DWF, having completed five mergers in less than 18 months and with a remarkable 84% increase in turnover to £188m, has become one of the most closely watched national practices in the legal market of late. The expansion has led to some significant streamlining of the business however and the firm has confirmed to Legal Business it has cut 38 staff from its ranks following redundancy consultations that began in May.
‘Following a recent restructure, DWF has had a net reduction of 38 roles across the practice groups,’ said a firm statement. The firm would neither specify which offices the job cuts have affected nor which roles.
The redundancies come after DWF announced a review of 80 roles in May, while two months previous to that the firm placed 99 jobs under threat after its run of five acquisitions – and having taken on the heavy load of 419 staff from the collapsing Cobbetts.
DWF also confirmed in May that the redundancy consultation would affect fee-earners and support staff at the firm’s Manchester, Coventry, Teesside and London bases, while restructuring at the Birmingham office was completed with two exiting the office and three others finding alternative roles.
Meanwhile Hill Dickinson, following an announcement in April that it would be reviewing jobs ‘in response to the prevailing market conditions’ has announced a total of 83 job losses, including 14 partners and 69 employees – 44 of which are leaving on a voluntary basis.
The news was confirmed shortly after the firm had announced it has sold its Chester office to Midlands firm Knights Solicitors for an undisclosed sum. The acquisition is a first for the James Caan-led Knights following the private equity investment it received from Hamilton Bradshaw in June 2012.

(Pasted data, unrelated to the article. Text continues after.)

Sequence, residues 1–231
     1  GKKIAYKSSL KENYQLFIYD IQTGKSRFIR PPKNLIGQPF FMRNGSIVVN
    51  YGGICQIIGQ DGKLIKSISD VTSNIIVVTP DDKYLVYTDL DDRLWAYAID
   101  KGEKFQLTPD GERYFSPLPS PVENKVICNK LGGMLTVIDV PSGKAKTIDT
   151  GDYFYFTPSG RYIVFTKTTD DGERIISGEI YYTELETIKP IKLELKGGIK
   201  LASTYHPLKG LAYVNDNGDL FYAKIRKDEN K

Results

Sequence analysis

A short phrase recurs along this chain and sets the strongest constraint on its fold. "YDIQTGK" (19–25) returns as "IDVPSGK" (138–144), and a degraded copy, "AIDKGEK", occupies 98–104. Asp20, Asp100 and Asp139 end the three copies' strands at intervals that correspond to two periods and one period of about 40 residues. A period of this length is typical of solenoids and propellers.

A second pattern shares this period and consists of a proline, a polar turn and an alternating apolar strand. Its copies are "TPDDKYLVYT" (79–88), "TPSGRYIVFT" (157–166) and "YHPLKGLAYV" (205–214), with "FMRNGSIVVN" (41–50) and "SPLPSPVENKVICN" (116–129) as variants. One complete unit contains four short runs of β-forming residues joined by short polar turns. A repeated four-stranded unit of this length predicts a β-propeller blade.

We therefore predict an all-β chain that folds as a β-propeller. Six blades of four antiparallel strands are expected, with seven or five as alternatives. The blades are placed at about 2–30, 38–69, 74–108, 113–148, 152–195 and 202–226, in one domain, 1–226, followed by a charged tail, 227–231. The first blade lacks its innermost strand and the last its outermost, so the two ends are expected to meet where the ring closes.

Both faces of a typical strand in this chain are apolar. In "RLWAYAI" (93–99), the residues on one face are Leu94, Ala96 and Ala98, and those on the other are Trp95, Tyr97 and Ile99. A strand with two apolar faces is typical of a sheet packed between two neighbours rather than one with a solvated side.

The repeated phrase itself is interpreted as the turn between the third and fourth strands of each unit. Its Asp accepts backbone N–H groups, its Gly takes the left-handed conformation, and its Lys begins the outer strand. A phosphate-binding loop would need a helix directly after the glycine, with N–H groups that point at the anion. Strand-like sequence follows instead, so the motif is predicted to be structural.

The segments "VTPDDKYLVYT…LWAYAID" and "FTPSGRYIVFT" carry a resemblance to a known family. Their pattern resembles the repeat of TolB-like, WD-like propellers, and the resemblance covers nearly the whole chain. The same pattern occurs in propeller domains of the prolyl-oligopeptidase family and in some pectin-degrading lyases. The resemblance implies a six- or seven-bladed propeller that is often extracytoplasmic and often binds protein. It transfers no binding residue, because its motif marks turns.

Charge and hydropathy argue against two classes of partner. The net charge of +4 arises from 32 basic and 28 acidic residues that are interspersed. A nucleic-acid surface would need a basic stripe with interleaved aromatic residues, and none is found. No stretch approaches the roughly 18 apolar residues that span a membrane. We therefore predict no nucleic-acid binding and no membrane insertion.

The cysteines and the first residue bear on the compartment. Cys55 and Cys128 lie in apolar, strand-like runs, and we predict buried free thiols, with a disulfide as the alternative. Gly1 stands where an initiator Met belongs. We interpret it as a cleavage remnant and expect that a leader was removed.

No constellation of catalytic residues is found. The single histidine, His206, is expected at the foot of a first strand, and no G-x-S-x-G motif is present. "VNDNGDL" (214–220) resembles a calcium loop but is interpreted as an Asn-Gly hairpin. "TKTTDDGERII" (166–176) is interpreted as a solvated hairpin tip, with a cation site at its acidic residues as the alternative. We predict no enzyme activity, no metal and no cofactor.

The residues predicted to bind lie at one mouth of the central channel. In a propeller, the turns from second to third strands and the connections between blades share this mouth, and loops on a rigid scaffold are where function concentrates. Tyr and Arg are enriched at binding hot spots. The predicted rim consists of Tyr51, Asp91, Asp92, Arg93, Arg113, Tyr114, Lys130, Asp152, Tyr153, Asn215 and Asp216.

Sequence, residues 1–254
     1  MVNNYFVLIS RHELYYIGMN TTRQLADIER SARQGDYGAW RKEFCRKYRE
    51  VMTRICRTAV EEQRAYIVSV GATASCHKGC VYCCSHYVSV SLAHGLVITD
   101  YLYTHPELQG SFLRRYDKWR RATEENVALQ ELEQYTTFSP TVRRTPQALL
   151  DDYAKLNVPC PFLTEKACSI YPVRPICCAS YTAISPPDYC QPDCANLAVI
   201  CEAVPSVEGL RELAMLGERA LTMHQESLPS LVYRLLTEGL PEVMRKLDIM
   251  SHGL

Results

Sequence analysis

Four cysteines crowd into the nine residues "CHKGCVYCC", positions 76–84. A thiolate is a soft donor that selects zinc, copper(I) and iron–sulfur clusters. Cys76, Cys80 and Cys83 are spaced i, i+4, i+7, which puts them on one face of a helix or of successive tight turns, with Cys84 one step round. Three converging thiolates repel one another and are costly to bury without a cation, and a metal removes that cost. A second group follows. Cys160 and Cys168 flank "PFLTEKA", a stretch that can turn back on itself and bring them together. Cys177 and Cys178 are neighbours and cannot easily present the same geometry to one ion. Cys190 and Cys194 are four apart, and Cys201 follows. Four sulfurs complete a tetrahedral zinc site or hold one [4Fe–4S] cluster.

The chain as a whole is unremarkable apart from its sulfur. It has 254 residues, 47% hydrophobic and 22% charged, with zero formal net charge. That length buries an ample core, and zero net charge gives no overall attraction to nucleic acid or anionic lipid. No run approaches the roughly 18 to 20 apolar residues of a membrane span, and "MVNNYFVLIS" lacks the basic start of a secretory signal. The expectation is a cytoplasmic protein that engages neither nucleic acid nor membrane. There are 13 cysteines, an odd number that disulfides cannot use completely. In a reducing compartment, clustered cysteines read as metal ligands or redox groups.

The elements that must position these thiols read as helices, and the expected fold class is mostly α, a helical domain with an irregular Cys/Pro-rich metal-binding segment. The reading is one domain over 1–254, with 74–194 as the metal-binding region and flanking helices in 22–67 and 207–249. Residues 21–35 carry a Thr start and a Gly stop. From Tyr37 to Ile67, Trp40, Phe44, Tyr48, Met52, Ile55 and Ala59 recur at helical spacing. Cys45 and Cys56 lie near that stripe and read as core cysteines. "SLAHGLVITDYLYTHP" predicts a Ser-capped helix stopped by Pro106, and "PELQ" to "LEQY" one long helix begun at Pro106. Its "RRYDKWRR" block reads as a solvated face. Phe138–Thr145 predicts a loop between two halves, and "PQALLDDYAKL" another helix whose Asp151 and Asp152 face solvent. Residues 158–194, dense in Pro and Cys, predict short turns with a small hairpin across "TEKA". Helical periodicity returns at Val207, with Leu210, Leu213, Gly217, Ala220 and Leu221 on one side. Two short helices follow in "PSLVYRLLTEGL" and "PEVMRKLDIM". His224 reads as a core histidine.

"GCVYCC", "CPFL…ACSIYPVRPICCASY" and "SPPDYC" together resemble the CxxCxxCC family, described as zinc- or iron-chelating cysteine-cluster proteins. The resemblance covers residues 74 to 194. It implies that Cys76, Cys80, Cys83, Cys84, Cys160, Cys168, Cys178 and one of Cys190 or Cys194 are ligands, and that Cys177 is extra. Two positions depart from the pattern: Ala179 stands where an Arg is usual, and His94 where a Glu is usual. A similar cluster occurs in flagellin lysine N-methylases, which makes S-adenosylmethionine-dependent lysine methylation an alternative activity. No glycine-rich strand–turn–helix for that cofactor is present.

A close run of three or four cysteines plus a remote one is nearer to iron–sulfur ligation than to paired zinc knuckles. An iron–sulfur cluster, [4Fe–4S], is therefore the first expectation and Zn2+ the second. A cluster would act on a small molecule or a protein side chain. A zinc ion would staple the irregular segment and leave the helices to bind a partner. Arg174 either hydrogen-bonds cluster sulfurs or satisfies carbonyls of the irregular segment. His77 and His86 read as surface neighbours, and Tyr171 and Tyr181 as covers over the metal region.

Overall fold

The cuts are a surprise given Hill Dickinson has averaged 10% revenue growth over the last five years and posted a 22% rise in profit per lawyer in 2011/12.
Senior partner David Wareing said: ‘This has been a sensitive time for all involved and we have done our utmost to conduct a professional and thorough consultation process with our staff throughout.
‘We have a strong and sustainable business and indeed many of our teams recorded revenue growth in the last financial year. Inevitably however, we have been affected like all our competitors by the difficult trading conditions which presently exist in our regional centres and accordingly it has been necessary for us to proactively manage the business to ensure the stability of the firm as a whole and to enable us to continue to further invest in the business in the future.’
In the City, Taylor Wessing, having enjoyed modest financial growth this year with UK revenue growing 4% to £104.5m, has confirmed 22 secretaries will be made redundant. This was originally anticipated to be 26 out of a consultation of 96 secretarial roles which began in June.
The firm said the consultation was part of a restructure of its secretarial resource rather than simply a headcount reduction exercise. It also expects a new secretarial support model to improve workplace efficiency with new secretarial services desk that will provide document services support to secretaries and fee-earners alike.
Finally, just four partners and eight staff at DLA Piper have decided to accept permanent relocation from its now closed Glasgow office to Edinburgh. This follows a three-month trial period in which the 10 partners and 30 other staff could decide whether to make the move. DLA declined to comment.
The latest cuts by Taylor Wessing, DLA Piper, DWF, and Hill Dickinson are a string of many across major UK firms under pressure to maintain profit levels, with firms such as Berwin Leighton Paisner and Eversheds both confirming job cuts this year.